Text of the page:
If your kids are used to visiting your local farmers’ market, they may also be missing out on this weekly outing. There are lots of ways to keep them engaged with the market and where their food comes from. Here are a few ideas to help you get started. If you have more ideas for engaging kids with farmers’ markets in the age of COVID-19, please let us know in the comments below!

1. Grocery and Meal Planning

Many farmers’ markets have moved online, with some vendors offering their own ways to access their products, such as delivery or pick up services. Get your kids involved in the online order process! Ask them to help make the market grocery list, or help with meal planning. This is a great opportunity to teach budgeting, website navigation skills, or find out what your kid’s favourite market products or meals are. Here are some great tips on how to involve kids in meal planning.

2. Stay Connected to the Market Community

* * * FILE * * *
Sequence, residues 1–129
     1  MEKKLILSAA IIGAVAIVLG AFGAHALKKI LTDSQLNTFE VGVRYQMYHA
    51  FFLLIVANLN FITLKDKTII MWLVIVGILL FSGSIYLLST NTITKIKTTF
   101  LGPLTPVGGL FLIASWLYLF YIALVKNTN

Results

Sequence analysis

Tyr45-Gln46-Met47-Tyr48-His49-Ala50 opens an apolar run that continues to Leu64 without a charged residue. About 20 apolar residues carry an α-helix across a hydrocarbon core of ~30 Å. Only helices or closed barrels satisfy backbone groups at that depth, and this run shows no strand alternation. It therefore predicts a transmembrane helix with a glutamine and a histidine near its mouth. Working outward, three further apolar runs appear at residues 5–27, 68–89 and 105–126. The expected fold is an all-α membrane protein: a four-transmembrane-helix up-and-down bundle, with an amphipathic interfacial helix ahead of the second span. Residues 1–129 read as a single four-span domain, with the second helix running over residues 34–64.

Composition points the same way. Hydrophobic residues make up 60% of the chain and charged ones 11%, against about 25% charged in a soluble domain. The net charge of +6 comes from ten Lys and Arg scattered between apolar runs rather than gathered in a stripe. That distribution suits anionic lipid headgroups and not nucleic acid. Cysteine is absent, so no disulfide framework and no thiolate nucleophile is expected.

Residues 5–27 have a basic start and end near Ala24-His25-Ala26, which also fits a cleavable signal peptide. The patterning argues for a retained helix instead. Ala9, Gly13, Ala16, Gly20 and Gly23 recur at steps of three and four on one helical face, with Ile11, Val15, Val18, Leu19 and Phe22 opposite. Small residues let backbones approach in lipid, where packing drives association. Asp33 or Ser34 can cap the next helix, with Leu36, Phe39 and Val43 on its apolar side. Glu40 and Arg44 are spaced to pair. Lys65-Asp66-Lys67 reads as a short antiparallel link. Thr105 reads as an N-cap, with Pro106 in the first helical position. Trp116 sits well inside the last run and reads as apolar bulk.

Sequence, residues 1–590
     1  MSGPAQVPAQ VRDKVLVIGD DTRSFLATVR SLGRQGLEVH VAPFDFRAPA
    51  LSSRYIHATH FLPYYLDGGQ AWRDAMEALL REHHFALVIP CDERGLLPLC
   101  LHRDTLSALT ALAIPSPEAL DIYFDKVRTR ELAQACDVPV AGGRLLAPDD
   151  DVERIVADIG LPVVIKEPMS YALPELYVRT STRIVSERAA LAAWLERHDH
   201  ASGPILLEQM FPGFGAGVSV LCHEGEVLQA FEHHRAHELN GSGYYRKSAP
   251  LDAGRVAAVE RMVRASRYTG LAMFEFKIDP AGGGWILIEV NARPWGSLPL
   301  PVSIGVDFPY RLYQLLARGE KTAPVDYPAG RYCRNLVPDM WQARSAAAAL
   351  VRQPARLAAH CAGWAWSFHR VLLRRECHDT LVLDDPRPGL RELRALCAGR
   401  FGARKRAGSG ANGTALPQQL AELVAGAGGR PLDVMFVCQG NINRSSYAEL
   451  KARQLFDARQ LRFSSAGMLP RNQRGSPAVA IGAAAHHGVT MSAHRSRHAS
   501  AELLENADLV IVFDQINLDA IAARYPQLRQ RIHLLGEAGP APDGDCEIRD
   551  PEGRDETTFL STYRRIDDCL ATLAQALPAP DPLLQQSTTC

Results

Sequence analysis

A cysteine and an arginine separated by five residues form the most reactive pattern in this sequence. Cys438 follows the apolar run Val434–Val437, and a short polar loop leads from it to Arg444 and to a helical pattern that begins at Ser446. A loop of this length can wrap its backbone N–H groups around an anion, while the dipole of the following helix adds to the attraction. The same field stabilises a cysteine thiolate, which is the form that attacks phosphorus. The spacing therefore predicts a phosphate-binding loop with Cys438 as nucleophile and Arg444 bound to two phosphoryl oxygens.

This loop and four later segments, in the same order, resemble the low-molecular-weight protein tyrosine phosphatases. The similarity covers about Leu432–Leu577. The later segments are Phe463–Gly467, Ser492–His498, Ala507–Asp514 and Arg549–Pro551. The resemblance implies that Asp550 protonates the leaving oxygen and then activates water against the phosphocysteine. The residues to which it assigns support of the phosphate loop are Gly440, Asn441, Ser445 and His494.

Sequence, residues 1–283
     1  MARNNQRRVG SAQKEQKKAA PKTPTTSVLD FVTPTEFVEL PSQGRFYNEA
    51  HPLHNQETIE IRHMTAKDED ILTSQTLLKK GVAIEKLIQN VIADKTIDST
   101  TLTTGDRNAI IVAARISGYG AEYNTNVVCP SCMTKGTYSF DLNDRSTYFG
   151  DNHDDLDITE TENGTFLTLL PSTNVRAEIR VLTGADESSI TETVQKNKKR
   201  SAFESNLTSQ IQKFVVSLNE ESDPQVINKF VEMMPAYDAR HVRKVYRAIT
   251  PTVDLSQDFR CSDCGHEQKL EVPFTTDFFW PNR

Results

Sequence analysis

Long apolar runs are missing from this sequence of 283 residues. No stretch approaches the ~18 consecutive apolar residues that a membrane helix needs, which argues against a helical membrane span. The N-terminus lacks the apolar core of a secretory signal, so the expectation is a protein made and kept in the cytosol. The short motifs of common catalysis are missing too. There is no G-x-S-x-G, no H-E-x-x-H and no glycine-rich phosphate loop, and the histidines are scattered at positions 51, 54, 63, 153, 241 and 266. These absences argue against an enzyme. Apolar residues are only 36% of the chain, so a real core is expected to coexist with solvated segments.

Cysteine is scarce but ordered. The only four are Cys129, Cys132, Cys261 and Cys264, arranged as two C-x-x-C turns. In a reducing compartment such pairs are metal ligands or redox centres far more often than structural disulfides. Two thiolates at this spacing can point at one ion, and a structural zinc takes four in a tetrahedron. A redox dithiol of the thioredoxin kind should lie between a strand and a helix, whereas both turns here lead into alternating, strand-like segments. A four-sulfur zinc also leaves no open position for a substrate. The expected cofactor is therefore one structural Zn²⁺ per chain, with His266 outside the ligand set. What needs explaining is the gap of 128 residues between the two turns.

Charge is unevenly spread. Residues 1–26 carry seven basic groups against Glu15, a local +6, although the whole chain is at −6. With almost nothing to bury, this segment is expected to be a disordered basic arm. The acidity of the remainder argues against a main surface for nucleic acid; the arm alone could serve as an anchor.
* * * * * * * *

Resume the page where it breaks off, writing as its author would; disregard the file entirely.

Farmers’ Market vendors are missing seeing their customers smiling faces as much as we are missing them! Another fun way to stay connected with your farmers’ market vendors is to send them a photo or video with your family with your market goods, thanking them for feeding you! If you post your photo or video on social media, tag us on Facebook, Instagram or Twitter and use the hashtag #NSMarketHaul. 

3. Kids in the Kitchen

Take this time to slow down and let your children help with meal prep. Washing, cutting, measuring ingredients, reading a recipe, there are lots of ways for kids of all ages to be involved in preparing a meal. When you’re finished, be sure to take a photo of the dish you made with farmers’ market ingredients, and send it to your local farmers’ market or the producers themselves! They will love to see the meals inspired by their products. For meal inspiration check out Bite Size Kitchen.

4. Get creative!

Pull out the art supplies and make drawings, paintings or collages featuring farmers’ market groceries! Check out @suekerr.wellington and @sknowling on Instagram for some wonderful inspiration. Here is a great resource on observational drawing for kids.

5. The Importance of Local Food

Your children may have questions about why there is no toilet paper available in the store, or why a certain food product is sold out. This is a great opportunity to teach them why local farms are important, and about food security. Here are some great resources on food security to get you started.